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Discussion Starter #1 (Edited)
Here is something that I just found on my Eco-Cruze with polished rims. I suddenly was seeing slow leaks on two of my tires after adding air. I pulled one tire off to see if I picked up a nail, and saw nothing. I then sprayed soap around the bead and around the valve stem to the rim. I found that on both of the tires I was leaking around the valve stem. I'm not sure if this will work in the long term or for everyone, but I sprayed WD-40 around the valve stem and wiggled the stem back and forth and twisted it as much as I could without damaging anything. I reapplied the soap, no leak. It looks like there is micro-corrosion around the stem that is opening up a small leak path between it and the wheel. The WD-40 crept back in there and seems to have healed it for now. I'll update if the leak opens back up.
 

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Moved to it's own thread. It's possible this may help someone else so I wanted to give it more visibility. Thanks for the information and welcome to Cruzetalk.
 

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Yes welcome to CruzeTalk and great tip. I am sure lots would have taken it somewhere to find the leak, but that is a great DIY!!!
 

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Sorry OP......it'll be back.

Valve stem bore and rim corrosion (aluminum wheels) at a young age is becoming status quo in the snow (salt) belt areas.
Most speculate it is a result of frequent trips through the car wash.
Few realize that car washes reclaim, filter, and re-use their water......think of a large tank like a toilet bowl with a valve and float under the floor on the lower level with all the rest of the pumps and whatnot.

The problem is, you can't filter salt......so for most of the winter you are pressure washing the car with salt water.
This saline solution gets driven at the bead and valve bore area as well as the whole wheel/tire assembly and we suspect it stays damp in those areas for a while.....corrosion is the result.
Eventually the tire must be removed, the rim bead polished and sealed, the valve removed, the bore cleaned and a new valve stem....reassemble and balance......whata pain.

Seems to take three to four winters before this shows up......folks that hand wash/fresh water don't seem to have the problem or it takes a few more years for it to crop up.

Another reason for running steel wheels with snows for the winter.....seems the steelies put up with the salt far longer before corrosion becomes a problem.

Rob
 

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I wonder what the WD-40 will do to the longevity of the valve stem. Which I think is the TPMS sensor.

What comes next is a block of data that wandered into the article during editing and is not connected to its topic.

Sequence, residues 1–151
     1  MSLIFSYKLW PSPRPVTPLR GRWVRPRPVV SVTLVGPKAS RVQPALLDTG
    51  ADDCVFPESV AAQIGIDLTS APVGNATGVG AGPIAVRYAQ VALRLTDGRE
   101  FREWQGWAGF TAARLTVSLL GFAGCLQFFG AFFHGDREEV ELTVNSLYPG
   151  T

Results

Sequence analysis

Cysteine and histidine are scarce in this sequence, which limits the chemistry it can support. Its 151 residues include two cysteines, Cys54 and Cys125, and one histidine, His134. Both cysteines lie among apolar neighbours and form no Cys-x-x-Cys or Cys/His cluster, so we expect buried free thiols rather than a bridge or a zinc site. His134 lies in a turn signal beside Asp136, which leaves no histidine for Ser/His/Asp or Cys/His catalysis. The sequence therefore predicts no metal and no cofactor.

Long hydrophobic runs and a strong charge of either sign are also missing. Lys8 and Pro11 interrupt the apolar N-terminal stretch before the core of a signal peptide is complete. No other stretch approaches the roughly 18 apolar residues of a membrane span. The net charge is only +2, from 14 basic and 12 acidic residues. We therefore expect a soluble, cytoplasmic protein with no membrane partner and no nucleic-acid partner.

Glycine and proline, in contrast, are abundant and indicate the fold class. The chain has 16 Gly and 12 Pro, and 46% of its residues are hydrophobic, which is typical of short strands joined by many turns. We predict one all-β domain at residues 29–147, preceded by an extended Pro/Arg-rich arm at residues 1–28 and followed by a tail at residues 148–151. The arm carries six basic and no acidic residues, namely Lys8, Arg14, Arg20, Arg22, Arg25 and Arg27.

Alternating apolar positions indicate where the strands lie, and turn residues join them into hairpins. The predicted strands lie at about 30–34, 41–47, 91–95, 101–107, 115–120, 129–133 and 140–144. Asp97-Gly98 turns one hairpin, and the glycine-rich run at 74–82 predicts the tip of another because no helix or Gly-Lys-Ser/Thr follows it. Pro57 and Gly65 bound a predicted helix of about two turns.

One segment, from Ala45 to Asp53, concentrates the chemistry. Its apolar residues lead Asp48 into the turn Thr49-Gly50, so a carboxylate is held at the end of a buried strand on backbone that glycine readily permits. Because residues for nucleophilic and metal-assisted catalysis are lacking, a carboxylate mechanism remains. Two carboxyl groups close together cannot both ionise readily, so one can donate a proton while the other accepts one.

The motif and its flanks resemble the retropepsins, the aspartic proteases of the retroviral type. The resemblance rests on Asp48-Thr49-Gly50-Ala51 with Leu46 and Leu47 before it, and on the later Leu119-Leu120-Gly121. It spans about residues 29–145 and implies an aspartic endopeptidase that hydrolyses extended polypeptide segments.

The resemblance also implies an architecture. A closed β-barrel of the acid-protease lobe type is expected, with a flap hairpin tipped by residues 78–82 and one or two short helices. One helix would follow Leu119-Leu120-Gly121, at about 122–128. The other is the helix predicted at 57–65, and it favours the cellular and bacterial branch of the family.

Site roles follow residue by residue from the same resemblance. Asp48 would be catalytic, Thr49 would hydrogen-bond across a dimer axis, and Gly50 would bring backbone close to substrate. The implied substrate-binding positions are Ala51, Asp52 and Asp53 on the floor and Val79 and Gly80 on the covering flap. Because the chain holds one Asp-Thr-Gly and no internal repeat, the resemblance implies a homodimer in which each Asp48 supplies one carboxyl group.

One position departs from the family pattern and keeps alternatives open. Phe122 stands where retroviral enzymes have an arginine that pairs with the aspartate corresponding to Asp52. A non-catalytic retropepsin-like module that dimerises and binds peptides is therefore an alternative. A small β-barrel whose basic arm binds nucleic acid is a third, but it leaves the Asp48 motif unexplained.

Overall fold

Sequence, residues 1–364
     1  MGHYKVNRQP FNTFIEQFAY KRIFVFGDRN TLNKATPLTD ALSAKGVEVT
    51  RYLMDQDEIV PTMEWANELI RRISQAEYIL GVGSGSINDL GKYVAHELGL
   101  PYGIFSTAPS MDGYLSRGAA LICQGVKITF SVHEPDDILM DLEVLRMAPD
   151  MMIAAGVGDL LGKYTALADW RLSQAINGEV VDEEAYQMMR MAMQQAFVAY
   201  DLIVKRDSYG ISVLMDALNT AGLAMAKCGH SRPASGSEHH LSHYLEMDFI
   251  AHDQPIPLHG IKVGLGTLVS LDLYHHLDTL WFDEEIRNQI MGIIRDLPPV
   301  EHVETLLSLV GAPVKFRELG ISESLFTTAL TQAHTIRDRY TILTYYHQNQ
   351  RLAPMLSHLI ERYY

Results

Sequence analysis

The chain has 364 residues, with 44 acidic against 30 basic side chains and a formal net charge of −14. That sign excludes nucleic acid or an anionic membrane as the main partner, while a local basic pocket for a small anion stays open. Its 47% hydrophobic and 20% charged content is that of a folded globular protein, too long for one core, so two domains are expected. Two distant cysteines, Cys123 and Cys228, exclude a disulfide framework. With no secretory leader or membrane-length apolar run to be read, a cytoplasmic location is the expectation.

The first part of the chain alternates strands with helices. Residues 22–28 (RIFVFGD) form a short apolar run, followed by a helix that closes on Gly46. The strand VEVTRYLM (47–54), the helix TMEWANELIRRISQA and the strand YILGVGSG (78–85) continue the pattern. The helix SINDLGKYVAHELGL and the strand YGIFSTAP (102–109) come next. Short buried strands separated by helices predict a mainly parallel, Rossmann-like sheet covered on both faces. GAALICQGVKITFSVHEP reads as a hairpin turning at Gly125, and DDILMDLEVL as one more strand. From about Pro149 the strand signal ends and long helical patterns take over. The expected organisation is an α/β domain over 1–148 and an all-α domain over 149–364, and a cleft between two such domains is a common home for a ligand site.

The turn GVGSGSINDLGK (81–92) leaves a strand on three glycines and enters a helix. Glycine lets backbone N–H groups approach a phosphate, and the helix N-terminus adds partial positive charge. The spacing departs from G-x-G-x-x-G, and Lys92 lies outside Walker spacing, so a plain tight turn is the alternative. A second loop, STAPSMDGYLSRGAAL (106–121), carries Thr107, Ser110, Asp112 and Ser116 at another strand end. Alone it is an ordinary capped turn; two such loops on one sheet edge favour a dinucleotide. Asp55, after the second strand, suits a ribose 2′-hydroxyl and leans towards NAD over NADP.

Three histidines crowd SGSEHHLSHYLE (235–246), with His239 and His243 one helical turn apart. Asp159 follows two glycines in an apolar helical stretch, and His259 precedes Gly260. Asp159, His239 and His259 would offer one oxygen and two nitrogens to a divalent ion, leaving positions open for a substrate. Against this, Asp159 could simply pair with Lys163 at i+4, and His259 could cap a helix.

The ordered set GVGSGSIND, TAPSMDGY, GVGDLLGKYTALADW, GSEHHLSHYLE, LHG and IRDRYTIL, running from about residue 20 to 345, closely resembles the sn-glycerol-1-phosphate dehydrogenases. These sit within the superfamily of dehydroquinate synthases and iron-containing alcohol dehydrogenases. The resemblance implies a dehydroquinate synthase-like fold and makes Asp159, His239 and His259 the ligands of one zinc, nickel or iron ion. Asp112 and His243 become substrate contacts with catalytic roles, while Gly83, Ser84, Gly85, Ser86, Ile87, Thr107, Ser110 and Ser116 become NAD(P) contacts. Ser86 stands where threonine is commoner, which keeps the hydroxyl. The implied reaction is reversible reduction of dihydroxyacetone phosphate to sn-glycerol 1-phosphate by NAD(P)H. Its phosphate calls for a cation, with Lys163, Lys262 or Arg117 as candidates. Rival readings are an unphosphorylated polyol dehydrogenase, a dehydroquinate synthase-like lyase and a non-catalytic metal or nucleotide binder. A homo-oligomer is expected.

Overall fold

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I wonder what the WD-40 will do to the longevity of the valve stem. Which I think is the TPMS sensor.
The TPS unscrews from the stem and is essentially a sealed pressure sensor.......the valve stem might degrade if it was continually washed in WD but odds are the short blast will disappear over time and no damage would occur.

Not a recommended process though......just delaying the inevitable......like putting a soup can and hose clamps on a leaking exaust....just buying time.

Rob
 

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When we see a GM wheel, we check beads first if there is no apparent nail in the tred. Started with Cadillac and now they all do it. Other brands do it as well, depending on coating process. But GM is usually a go to when looking for a slower leak. Even faster depending on how the car looks cared for.
 

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Discussion Starter #8
An update. The leak has not re-opened yet. I do agree that it will almost certainly re-occur over time, but this was a convenient fix to keep me home for Christmas. As far as damage to the rubber stem or tire pressure monitor, I am nearly 100% it won't damage the rubber in the near term, or at least until I change out my tires in a year or two. Something like a petroleum solvent would have damaged it probably, but WD40 is fairly friendly to rubber. If it lived in it, it would degrade it, but it is just on the surface. It was just a way to creep something in there to break up the corrosion and salt crystals...according to my non-scientific thinking. I'm surprised it stopped the leak myself, but it did.
 
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